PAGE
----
Expert warns of lone wolf terrorists

In an editorial written on Wednesday, Jim Kouri wrote that as state-sponsored terrorist groups decline, privately sponsored groups with unknown new recruits present a terrorist threat.

Kouri, a board member of the National Association of Chiefs of Police, said that these small groups may cooperate with one another in a loose fashion, which could challenge the ability of governments to identify specific threats, the Examiner reports.

In a report submitted to the National Association of Chiefs of Police, the FBI forecast that non-governmental and sub-national entities will increase their role in world affairs for years to come. As nation states and governments decrease control over resources, flow of information and people, the significant threat that may rise up in the next five years could be the lone actor or "lone wolf" terrorist who operates on the fringes of formal terrorist organization.

"Despite their ad hoc nature and generally limited resources, they can mount high-profile, extremely destructive attacks, and their operational planning is often difficult to detect," Kouri wrote, according to the Examiner. "An excellent example of this is the lone gunman — a Muslim — who entered a Jewish center in Seattle and killed one woman while wounding five others."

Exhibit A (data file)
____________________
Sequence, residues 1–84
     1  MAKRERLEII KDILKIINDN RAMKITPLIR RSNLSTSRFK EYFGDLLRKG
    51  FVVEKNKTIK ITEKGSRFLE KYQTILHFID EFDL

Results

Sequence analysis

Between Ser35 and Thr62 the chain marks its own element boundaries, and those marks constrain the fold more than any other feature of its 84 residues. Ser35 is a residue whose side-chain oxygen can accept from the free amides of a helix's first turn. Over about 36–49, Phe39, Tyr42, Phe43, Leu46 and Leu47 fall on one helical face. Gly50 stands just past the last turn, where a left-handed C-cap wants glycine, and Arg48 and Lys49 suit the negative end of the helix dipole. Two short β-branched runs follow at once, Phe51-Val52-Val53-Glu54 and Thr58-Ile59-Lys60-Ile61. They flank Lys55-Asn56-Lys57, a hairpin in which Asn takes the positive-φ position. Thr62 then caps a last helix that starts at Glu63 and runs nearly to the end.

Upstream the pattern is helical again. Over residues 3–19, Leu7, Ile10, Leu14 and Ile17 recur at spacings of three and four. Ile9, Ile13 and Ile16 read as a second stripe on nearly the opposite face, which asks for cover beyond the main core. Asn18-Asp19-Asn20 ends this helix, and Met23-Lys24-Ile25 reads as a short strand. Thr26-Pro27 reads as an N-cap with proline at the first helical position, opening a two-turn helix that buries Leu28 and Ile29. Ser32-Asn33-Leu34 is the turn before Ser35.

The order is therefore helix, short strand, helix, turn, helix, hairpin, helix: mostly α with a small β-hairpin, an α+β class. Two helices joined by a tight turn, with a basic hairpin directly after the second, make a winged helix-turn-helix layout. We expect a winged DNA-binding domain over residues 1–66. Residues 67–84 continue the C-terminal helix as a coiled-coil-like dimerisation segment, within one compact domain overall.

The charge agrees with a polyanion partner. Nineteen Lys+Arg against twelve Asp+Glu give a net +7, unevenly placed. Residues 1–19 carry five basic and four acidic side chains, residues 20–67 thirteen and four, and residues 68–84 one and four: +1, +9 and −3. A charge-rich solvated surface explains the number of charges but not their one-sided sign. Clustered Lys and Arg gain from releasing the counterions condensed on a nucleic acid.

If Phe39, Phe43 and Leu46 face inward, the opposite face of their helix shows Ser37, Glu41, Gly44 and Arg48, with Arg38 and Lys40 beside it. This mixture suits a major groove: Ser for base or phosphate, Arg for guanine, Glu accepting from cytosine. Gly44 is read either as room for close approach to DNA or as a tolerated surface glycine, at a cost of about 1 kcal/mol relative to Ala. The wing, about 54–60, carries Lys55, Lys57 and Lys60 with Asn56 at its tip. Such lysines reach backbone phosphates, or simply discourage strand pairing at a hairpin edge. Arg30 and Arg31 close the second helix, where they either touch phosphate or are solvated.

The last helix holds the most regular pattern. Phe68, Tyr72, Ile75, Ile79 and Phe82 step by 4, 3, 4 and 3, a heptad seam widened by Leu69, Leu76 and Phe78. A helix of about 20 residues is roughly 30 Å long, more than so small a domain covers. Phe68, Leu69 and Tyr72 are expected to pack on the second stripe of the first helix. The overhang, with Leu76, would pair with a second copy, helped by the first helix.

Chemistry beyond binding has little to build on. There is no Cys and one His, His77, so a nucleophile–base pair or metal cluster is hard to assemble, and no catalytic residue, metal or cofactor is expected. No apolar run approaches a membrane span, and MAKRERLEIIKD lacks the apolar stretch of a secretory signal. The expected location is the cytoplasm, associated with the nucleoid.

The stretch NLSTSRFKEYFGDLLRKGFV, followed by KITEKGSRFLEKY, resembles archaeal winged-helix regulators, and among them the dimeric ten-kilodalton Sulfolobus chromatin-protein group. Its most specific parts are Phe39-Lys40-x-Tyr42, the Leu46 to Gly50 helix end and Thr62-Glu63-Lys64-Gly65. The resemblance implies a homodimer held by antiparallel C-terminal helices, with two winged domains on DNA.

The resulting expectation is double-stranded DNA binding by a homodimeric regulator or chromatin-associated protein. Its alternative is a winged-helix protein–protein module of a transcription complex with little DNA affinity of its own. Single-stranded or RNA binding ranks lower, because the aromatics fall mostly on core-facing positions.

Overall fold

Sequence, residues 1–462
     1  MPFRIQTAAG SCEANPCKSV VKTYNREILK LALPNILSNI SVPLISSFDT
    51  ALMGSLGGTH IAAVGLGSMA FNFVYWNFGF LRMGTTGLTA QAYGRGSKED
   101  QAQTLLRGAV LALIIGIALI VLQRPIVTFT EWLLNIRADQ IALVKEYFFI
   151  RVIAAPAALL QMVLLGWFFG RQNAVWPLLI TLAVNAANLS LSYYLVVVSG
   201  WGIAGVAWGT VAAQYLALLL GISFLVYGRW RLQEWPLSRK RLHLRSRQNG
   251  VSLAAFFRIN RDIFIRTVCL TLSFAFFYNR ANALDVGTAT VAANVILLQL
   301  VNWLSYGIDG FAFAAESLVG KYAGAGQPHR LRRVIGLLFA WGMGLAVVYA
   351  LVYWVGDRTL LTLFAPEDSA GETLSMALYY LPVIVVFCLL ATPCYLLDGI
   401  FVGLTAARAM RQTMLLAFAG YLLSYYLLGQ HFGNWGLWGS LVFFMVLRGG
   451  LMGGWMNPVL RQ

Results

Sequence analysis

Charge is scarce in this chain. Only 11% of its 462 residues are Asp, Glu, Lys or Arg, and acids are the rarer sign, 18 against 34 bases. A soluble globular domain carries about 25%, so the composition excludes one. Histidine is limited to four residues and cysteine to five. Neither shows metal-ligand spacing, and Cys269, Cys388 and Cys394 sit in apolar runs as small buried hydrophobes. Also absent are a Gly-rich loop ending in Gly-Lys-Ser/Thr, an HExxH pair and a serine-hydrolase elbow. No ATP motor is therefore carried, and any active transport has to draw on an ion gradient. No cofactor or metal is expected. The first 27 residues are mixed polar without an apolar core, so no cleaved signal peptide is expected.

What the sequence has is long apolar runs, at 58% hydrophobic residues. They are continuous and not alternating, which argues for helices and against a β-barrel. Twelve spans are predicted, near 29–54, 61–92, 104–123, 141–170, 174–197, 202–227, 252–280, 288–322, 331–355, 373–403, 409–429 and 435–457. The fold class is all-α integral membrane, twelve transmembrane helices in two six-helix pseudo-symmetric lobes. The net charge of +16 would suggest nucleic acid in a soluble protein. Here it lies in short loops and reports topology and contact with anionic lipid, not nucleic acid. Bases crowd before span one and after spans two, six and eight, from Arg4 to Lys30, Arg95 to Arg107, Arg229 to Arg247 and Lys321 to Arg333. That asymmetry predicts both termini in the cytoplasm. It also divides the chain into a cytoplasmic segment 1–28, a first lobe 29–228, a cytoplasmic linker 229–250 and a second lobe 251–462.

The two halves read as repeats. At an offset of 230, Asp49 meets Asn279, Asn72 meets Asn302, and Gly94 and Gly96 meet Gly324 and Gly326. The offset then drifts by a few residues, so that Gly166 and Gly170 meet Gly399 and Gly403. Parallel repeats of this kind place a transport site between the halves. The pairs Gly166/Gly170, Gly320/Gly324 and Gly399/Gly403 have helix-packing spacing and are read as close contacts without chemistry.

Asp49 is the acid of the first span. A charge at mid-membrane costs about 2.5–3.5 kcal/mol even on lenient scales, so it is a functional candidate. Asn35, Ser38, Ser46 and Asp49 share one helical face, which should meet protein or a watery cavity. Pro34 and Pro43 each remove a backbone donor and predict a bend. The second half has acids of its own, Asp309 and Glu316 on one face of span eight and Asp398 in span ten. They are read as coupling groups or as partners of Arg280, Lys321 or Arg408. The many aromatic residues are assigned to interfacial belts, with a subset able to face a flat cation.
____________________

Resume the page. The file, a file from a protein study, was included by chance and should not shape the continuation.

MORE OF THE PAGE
Kouri wrote that as the globalization of the economy occurs, the globalization and networking of criminal elements will also result. This will be especially effected by technological innovations which could create cheaper access to weapons technology.

"For example, it will be easier and cheaper for small groups or individuals to acquire designer chemical or biological warfare agents, and correspondingly more difficult for forensic experts to trace an agent to a specific country, company, or group," Kouri wrote, according to the Examiner.

Kouri wrote that meeting these threats requires a  more tightly integrated intelligence cycle with heightened receptors for threat changes and the ability to make immediate corrections in government priorities.